It is also worth mentioning that a person’s unwillingness to desire the consequent of a conditional, in the event that its antecedent is true, is prima facie evidence that she does not desire that conditional fully and all things considered after all. I might desire fully and all things considered that you not file for bankruptcy at all, but that is not the same as desiring that you file for bankruptcy only if you cannot pay your bills. (Assumptions (1) through (4) do not imply that a person’s desires are closed under logical implication. So, they do not require a person who desires ~P also to desire P → Q.) If I would not desire that you be unable to pay your bills, were I to know you had filed for bankruptcy, it is reasonable to conclude that my pro attitude toward your filing only if you cannot pay your bills is something less than full desire all things considered after all.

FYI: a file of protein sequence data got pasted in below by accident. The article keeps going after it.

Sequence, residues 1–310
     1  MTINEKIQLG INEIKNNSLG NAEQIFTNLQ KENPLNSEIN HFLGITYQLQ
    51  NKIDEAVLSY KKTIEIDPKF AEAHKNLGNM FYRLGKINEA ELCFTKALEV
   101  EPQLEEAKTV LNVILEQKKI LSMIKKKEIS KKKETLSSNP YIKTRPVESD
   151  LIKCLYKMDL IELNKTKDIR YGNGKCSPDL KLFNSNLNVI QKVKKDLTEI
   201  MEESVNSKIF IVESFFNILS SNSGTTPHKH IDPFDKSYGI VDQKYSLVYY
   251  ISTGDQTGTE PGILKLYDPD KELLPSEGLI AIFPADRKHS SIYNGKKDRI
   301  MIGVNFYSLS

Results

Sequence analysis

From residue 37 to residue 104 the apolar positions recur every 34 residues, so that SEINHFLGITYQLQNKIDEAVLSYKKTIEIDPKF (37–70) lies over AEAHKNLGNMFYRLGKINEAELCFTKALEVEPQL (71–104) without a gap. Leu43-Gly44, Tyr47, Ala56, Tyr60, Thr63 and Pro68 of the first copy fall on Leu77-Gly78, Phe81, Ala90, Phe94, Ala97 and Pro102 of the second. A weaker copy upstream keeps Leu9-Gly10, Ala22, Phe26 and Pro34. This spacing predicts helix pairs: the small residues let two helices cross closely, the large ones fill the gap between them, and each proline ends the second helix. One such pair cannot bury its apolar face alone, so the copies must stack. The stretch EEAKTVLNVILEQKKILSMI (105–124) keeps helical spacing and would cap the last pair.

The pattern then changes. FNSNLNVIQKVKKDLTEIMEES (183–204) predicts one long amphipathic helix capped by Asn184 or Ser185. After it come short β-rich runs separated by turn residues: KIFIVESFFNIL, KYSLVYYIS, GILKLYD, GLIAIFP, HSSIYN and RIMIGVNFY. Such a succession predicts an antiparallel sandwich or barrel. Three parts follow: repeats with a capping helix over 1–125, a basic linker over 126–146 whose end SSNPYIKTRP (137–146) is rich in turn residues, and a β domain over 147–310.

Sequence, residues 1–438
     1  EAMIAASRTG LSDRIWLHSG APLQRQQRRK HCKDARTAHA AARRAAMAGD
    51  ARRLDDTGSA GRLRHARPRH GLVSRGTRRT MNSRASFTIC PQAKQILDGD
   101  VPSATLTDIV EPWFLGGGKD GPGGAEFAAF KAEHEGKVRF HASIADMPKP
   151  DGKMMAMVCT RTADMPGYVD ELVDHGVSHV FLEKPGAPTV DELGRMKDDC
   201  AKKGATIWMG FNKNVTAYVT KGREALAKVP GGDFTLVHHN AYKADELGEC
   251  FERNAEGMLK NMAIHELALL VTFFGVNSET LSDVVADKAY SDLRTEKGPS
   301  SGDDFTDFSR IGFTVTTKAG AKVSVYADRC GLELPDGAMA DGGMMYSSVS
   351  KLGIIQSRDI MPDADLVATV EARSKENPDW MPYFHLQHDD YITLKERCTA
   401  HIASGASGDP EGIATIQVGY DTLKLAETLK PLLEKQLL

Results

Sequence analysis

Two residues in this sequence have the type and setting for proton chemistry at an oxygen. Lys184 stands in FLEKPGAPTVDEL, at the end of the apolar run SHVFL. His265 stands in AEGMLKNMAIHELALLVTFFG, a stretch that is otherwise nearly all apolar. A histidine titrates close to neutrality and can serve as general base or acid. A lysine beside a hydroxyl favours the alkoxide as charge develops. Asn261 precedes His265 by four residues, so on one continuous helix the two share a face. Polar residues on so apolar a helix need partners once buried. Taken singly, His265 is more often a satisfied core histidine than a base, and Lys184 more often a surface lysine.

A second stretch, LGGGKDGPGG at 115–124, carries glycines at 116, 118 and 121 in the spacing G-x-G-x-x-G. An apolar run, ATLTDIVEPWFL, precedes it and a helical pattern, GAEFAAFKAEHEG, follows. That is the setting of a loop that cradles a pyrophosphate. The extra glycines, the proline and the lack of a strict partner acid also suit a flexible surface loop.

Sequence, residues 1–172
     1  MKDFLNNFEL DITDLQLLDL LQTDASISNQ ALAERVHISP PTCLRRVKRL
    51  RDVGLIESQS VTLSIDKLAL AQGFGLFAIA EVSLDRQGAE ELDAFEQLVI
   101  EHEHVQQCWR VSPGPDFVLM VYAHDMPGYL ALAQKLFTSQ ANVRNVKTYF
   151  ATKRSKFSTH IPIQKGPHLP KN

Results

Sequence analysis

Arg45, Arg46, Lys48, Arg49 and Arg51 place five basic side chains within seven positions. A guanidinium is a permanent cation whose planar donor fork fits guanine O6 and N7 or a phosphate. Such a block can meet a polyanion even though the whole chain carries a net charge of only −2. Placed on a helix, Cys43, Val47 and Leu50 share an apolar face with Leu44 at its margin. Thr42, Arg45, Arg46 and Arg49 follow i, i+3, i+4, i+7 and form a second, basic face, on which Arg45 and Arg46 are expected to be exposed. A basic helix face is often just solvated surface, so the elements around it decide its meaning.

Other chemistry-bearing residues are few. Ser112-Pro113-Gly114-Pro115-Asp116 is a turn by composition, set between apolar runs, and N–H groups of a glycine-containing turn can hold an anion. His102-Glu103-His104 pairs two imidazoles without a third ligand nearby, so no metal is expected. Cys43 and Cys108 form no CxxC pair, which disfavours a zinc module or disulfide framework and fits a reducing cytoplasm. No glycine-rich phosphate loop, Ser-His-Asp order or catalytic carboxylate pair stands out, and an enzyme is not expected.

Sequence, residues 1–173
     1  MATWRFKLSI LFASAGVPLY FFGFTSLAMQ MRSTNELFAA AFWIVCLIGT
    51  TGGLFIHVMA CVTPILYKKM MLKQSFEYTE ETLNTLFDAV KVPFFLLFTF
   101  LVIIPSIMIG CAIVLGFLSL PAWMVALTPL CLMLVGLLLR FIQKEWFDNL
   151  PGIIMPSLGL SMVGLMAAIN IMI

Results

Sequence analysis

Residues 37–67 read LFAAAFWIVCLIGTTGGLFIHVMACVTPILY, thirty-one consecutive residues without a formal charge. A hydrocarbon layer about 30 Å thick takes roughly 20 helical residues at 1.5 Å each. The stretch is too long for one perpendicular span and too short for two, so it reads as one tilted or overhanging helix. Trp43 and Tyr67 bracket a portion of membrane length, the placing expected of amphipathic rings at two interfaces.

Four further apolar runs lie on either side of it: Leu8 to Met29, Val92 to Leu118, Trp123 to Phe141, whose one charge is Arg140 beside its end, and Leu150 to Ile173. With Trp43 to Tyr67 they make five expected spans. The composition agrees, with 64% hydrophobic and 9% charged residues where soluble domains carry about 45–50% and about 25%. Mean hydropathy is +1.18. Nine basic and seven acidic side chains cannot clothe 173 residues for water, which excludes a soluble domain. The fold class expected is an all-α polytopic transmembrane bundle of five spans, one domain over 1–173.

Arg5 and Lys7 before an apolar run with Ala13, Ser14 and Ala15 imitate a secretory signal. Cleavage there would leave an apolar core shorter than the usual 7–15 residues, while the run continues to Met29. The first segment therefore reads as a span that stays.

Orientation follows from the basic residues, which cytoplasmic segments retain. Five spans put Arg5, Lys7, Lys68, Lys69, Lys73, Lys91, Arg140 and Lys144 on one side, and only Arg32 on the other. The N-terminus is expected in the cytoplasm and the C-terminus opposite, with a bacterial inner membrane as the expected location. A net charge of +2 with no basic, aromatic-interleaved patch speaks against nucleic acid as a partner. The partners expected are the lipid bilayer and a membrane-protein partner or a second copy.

My point here is not to show that Conative Consequence is definitely true. Rather, my point is to show that it is plausible. It captures a reasonable intuition about the way certain rational desires and knowledge interact. The principle itself has found endorsement in the literature on conditional desires, it withstands Moore’s criticism, and the most obvious putative counterexamples are inconclusive at best. I take that to be sufficient evidence of the claim’s plausibility.
We are left with Epistemic Responsibility. That principle is also plausible, for it is natural to think of truth (or knowledge, which entails truth) as the aim of belief. Bernard Williams famously argued that an attitude not aimed at truth simply could not be the attitude of belief (Williams 1973). A rational person wants her beliefs to be true. I assume ideal rationality requires that to be a full desire, all things considered. Anything less would be either a limitation on one’s rationality or a limitation on one’s commitment to being rational. The ideal rational agent suffers no such limitations. She is fully rational, and she is fully committed to being rational.